Bumble Boogie - Wurlitzer
Little Drummer Boy - Wurlitzer
Organist Ryan Hardy
At 18, Ryan Hardy was the youngest member of the Red River chapter of the American Theatre Organ Society (ATOS) and the organization's President.
Ryan started playing piano at y years old and moved onto organ aged 11 after hearing the organ at the Organ Stop Pizza
Ryan Hardy was awarded second place in the 2015 National young organists competition at the ATOS Convention in Philadelphia.
Top of page icon
Elizabeth Harrison OrganFax logo
Elizabeth Harrison (also known as Liz) was born 1st December 1976 just outside Preston, Lancashire.
Elizabeth has established herself on the concert circuit not only as a musician but also as an entertainer. Her varied musical repertoire along with her cheerful Lancashire humour has made her one of the country’s favourite performers.
Elizabeth has been playing on the concert circuit for over 24 years. She has a wealth of experience playing both electronic and theatre organs.
Elizabeth plays her portable Roland Atelier AT350C and also owns a beautiful Allen MDS theatre 3 organ which is kept at home.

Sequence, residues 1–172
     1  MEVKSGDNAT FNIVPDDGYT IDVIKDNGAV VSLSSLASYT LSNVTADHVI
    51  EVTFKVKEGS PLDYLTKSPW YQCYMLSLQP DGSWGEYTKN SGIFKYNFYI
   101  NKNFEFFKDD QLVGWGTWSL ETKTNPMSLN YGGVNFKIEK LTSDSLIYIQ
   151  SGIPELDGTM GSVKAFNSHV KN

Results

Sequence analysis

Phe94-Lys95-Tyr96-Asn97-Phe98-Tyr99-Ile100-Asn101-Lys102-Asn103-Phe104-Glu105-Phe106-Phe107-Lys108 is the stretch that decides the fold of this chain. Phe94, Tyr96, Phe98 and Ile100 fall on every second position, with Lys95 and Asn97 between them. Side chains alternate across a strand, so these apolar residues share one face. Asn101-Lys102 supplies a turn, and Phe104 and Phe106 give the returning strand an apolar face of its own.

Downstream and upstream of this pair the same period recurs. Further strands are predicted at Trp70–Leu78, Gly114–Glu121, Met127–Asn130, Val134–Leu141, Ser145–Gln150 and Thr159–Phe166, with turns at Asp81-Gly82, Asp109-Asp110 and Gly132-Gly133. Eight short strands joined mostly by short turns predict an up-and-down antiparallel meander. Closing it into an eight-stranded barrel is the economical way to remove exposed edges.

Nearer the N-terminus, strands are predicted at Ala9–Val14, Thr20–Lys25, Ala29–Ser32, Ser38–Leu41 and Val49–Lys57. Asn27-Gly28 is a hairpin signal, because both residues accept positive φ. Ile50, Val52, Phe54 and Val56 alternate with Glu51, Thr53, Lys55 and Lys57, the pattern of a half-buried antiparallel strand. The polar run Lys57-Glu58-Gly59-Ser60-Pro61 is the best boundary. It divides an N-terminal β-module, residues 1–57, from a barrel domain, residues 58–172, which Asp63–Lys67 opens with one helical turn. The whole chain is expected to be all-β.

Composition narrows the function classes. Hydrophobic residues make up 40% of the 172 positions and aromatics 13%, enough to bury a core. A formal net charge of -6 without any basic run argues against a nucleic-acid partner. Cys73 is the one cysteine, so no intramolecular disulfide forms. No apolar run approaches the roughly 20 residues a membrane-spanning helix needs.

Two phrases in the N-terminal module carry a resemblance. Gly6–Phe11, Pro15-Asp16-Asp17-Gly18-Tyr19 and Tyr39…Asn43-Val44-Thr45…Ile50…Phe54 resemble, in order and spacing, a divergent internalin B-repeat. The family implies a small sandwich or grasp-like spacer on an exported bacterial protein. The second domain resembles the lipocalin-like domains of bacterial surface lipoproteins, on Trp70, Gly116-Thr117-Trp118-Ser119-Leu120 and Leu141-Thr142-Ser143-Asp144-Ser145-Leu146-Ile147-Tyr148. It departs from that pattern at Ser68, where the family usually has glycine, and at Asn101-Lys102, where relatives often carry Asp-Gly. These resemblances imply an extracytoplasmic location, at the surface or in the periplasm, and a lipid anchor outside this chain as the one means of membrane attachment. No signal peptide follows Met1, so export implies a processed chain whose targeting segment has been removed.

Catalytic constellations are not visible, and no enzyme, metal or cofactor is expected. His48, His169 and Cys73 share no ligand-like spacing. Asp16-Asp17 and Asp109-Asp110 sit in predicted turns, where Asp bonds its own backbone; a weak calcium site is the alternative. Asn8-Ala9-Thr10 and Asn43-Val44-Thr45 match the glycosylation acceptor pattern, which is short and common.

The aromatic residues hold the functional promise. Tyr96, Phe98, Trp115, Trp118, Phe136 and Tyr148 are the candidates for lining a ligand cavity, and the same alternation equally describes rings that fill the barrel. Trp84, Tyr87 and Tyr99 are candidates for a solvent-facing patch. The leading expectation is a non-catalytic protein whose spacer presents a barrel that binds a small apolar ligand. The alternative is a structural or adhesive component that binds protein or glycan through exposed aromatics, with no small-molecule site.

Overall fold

Extract for the Elizabeth Harrison Organfax page
Top of page icon
Edgar Harrison
1946 working for Gaumont British.
Extract:- Theatre Organ World by Jack Courtnay (1946)
Top of page icon
Syd Harrop
1946 working for Associated British.
Extract:- Theatre Organ World by Jack Courtnay (1946)
Top of page icon
Jack Hartland
1946 working for Gaumont British.
Extract:- Theatre Organ World by Jack Courtnay (1946)
Top of page icon
Frank Hayward
1946 Playing Independently.
Extract:- Theatre Organ World by Jack Courtnay (1946)
Top of page icon
Peter Hayward Link to electronic page icon Youtube logo
Peter Hayward at Blackpool Tower
Strike Up The Band Medley
Jealousy Medley
Somewhere Over The Rainbow Medley
Organist Peter Hayward
Peter Hayward has been a professional musician for over forty years in the UK, before emigrating (and semi-retiring) to be near to his daughter and grandchildren.
Peter has been a regular monthly contributor to Organ and Keyboard Cavalcade since its conception, his popular article covering all aspects of keyboard music.
Peter has written many successful books on music : his motto being 'Professional Tips - Just for Fun - All explained in plain English - No Jargon'.
It is this down to earth philosophy that has made him a popular figure at the Organ and Keyboard Cavalcade Festivals, where he is always happy to share his musical knowledge, gathered over a lifetime.
Peter now lives in Sweden, where he is actively engaged with various choirs, concerts and regular radio broadcasts, featuring many of the forty plus recordings which he has made over the years.
Extract from the Keyboard Cavalcade Peter Hayward biography.
Top of page icon
Reginald Hayward
1946 Playing Independently.
Extract:- Theatre Organ World by Jack Courtnay (1946)
Top of page icon
W.J. Helmsley
1946 Playing the Odeon Circuit.
Extract:- Theatre Organ World by Jack Courtnay (1946)
Top of page icon
Richard Hills
the Royal Albert Hall organ
Tiger Rag
The Music of Al Jolson
The Dancing Years